First compact Raman microscope
First combination o FTIR Raman on single platform
This new version is a combination of dispersive Raman and FTIR microscope, winner of the Gold Award for the best new product at PITTCON? 2002. The two complementary vibrational spectroscopic tools provide solutions to problems where the information from either technique is incomplete. SameSpotTM Technology allows both Raman and FTIR spectrum to be measured from the same place on the sample without having to move or transfer the sample.
Fully automated Raman confocal microscope
Open Space microscope
The advantage is open space and unlimited flexibility in sample adaptation whether you want to adapt Micro-cryostats, large DAC high pressure or high temperature cells, large samples (i.e. 300mm wafers for inspection) or any other special sample arrangement!
Patented Line scan
Technology for fast mapping
First ultra-compact and transportable bench-top Confocal Raman microscope below 40kg.
The XploRA? turns a new page in microscopy. With an intuitive interface and full automation, Raman analysis has never been easier.
Chemical identification and chemical imaging can now be performed on solid or liquid samples at the touch of a button. Whether for routine sample identification, quantitative analysis or chemical imaging, the XploRA? combines performance and simplicity in a cost effective system. The light, compact design of the XploRA? makes it easy to transport from lab to lab or for on-site analysis at archeological sites, crime scenes or in a mobile laboratory.
Fast Raman imaging
With point-by-point Raman mapping, a lot of the acquisition time is wasted in communication between the hardware and the software. Through continuous scanning of the sample, and new communication protocols between the scanning device and the CCD, SWIFT for the first time allows to reach acquisition times as low as 5ms/point, opening the door to quasi-instantaneous chemical imaging.
The DuoScanTM Imaging technology available on the instruments of the LabRAM Series introduces a new imaging mode, based on a combination of scanning mirrors that scan the laser beam across a pattern chosen by the operator: a line for linear profiles, or an area for two-dimensional mapping.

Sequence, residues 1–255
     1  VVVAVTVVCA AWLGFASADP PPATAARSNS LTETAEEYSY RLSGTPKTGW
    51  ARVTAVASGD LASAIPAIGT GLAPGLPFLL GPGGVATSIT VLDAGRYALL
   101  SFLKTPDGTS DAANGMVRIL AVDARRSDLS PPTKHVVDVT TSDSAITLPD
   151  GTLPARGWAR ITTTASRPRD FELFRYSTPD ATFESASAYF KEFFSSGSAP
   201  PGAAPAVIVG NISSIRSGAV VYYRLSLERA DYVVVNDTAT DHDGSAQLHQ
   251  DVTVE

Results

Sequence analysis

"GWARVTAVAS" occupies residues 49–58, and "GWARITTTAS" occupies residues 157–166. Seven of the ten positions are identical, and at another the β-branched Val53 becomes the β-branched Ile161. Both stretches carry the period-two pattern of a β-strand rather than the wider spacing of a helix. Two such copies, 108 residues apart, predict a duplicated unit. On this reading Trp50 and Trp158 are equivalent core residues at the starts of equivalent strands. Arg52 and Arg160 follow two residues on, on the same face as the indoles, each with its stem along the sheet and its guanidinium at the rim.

Innovation in Raman confocal scanning
First stand-alone transmission Raman system
Patented Ultra Low frequency filters on bench-top microscope
First combo Backscattered-Transmission Raman scattering
LabRAM HR Evolution with LabSpec6 software
Fully customer oriented Raman Spectroscopy Software, simply powerful.
spontaneous Raman imaging prototype delivered
First “TERS-proven” NanoRaman imaging systems.
XploRA Nano is a versatile platform for physical and chemical characterization. Simultaneous AFM and spectroscopic measurements (Raman, Photoluminescence) are done thanks to high numerical aperture objectives from both top and side for best co-localized spatial resolution and best TERS collection efficiency.
Custom-made Ellipsometry and Raman under vacuum
First Ultrafast Raman imaging below 1 ms
First Stimulated / Spontaneous prototype for Raman imaging
First Particle analysis embedded in Raman microscope
First high-sensitivity cuvette-based benchtop Raman system
First broadband Raman / PL achromatic objective high vacuum compatible
First video image based navigation experience combining fast autofocus and topography
Patented SpecTopTM mode
Spec-TopTM is an original TERS imaging mode where TERS measurements are performed when the tip is in direct contact with the sample’s surface; transition between the pixels of the TERS map is performed in semicontact mode, which preserves the sharpness and enhancing properties of the AFM-TERS tip.
Integration of AIST-NT technology
HORIBA Scientific, global leader in Raman spectroscopy, announced in July 2017 the acquisition of AIST-NT technology, provider of innovative integrated scanning systems for nanotechnology. The combination of HORIBA’s Raman spectrometers with AIST-NT SPM technology allows HORIBA to offer academic research and industrial laboratories a range of integrated AFM-Raman systems with proven Tip Enhanced Raman Spectroscopy (TERS) solutions for the identification of chemicals and materials at the nanoscale. For the first time, an instrumentation company can provide a complete AFM-Raman solution; these range from the detector to the gratings, from the spectrometer to the AFM, fully manufactured by HORIBA.
Fast TERS imaging mode.
Thanks to Stimulated Raman Gain Opposite Loss Detection (SRGOLD), we achieved an increase of limit of detection of SRS imaging, making possible to achieve molecular imaging of biological samples. This analysis allows the spatial localization of chemical species of interest such as CH2 (lipid) and CH3 (protein) bonds to distinguish tissues where cell division is increased, characteristic of cancerous tissues.